We will take a few months off to regroup and then plan for a December retrival of Vanessa’s eggs for fresh transfer into me. I must be the luckiest woman on earth to have a partner who loves me so much that she’d be willing to put herself through IVF after what she has just witnessed. One way or another, we’re still going to have our family.



Filed under Gettin' Knocked Up

10 responses to “Figuring out what happens now

  1. Again, I just want to say how sorry I am that this has happened to you both. I’m sorry too that you weren’t able to get much more information on why (although that perhaps would not make much difference anyway).

    It’s great to hear you are looking at the other options open to you, and indeed that there are these other options. The way you described your vision of #4 really moved me – it resonates with the strength of your commitment to each other and to the baby that I know will eventually find its way into your family. I hope the break revitalises you and wish you every success come December.

  2. SW

    Just started reading. Sorry about your loss this week. I just want to tell you that I’m so impressed with the strength of your committment with your partner and the family you’re creating. It’s a beautiful thing, and that is one lucky child that will find his/her way into your lives.

  3. Lo

    Reading option #4 moved me greatly as well. And yes. You *will* have your family.

  4. jay

    I’m also very moved and thinking of you both – indeed you will have your family. Big luck to you.

  5. missanthropy

    For what it’s worth, I am also very moved, especially by the idea of Vanessa doing IVF and you carrying. That really makes me feel very warm and mushy. 🙂 I think it sounds like a good option.

  6. Co

    I am still so sorry this happened and that you had to go through that much hell just to find out there is an egg quality issue. It sucks that no one can tell you more specifically why the embryos arrested either.

    It sounds like you two have a good plan though. Taking some time off sounds smart also.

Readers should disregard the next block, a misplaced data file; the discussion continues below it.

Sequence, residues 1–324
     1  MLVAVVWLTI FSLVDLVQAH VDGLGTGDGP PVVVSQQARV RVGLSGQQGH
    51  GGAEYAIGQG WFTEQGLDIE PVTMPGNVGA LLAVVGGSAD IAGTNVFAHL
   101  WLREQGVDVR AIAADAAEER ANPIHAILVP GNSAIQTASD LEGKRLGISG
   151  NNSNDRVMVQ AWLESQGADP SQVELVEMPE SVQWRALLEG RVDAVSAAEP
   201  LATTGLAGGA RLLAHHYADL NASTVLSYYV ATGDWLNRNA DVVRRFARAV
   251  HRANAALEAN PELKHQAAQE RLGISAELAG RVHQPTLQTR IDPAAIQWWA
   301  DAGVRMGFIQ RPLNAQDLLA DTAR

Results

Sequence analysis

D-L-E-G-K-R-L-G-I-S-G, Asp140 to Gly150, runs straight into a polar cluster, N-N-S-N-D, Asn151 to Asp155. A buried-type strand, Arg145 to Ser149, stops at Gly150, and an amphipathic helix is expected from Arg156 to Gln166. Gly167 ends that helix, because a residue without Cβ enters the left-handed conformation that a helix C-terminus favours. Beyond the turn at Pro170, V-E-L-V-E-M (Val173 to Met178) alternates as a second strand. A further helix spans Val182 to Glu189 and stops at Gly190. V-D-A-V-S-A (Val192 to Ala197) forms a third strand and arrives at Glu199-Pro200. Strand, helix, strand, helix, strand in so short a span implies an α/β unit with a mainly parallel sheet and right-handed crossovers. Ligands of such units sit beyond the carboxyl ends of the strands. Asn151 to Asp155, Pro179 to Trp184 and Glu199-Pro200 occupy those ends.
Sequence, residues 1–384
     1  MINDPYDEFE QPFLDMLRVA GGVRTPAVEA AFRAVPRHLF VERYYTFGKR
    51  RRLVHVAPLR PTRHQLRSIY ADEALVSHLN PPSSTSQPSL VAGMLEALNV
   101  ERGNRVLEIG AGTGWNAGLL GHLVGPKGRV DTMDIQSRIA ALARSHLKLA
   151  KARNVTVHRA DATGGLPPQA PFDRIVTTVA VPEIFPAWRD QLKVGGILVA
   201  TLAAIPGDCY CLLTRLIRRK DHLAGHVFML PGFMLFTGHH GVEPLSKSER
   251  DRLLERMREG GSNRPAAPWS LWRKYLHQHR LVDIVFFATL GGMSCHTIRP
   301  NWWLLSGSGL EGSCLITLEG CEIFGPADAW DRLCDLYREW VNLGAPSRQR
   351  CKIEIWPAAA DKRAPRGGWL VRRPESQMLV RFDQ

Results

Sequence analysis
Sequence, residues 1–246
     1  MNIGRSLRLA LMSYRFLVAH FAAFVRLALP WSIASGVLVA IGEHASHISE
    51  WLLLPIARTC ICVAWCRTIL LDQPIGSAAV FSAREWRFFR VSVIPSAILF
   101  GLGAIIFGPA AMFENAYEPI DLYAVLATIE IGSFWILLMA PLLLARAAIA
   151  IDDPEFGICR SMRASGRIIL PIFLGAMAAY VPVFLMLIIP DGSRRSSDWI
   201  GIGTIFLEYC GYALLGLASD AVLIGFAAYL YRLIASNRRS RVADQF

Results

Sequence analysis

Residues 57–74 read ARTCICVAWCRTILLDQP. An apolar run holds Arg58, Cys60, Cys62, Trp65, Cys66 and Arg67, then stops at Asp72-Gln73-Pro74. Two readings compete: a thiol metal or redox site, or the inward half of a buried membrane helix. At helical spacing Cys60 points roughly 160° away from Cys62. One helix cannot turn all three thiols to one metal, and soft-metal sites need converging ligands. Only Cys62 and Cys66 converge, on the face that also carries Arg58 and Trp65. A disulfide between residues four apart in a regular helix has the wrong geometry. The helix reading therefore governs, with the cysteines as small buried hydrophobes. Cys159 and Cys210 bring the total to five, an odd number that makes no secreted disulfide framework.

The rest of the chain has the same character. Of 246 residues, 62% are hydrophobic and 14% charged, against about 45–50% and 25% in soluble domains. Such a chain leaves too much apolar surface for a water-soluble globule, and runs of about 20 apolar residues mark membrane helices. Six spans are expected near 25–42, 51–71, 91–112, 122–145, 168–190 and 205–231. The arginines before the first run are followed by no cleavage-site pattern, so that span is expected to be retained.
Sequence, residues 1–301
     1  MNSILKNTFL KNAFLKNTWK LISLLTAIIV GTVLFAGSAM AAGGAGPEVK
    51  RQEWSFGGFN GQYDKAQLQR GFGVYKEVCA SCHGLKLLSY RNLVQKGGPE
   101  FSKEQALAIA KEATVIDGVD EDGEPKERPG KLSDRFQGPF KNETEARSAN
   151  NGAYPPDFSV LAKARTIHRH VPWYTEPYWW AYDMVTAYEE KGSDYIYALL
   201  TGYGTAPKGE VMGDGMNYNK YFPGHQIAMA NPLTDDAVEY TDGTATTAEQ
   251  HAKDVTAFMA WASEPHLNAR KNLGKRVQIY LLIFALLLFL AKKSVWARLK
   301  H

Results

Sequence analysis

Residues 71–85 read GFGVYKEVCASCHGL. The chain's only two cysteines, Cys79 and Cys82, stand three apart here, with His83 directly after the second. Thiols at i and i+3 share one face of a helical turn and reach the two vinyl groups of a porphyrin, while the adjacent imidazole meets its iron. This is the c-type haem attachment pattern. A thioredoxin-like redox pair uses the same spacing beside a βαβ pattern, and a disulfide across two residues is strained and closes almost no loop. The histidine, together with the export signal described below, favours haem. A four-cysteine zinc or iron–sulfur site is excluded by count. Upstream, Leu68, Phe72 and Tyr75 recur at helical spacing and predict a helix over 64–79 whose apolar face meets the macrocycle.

Thinking of you both.

  7. You ARE going to have a family. I like the option you’re leaning towards. I am also impressed with Vanessa’s obvious love for you and both of your dedication to the quest.

  8. Hey M – thanks for the email the other day. I haven’t taken the time to properly write, but oddly enough, I had found YOUR card in my bag just that morning. Weird how the world works sometimes. I’m really sorry the eggs didn’t work out, but it sounds like you have some really good options down the road. We go for our first consultation on tuesday (eep) and then start down this road too. For me, I am definitely biologically motivated. I know if my eggs don’t work, I’ll be pestering Sandra for Option #4 too. Anyhow, this is too long for a comment, so I’ll email you next week. Hang in there!

  9. Hi there.

    I just found your blog and I read this post. Ouch ouch…my partner and I have been there and we’re about to embark on a similar path – she’s doing IVF w/ my eggs. It is, I think, the most wonderful idea we’ve had together, ever.

    As close as we can get to making it together, ya know?

    Anyway, thanks for sharing.

  10. This article may be of interest –

    not quite appropriate as it’s your partners eggs, but still a lot of good stuff about grieving and moving on from using ones own.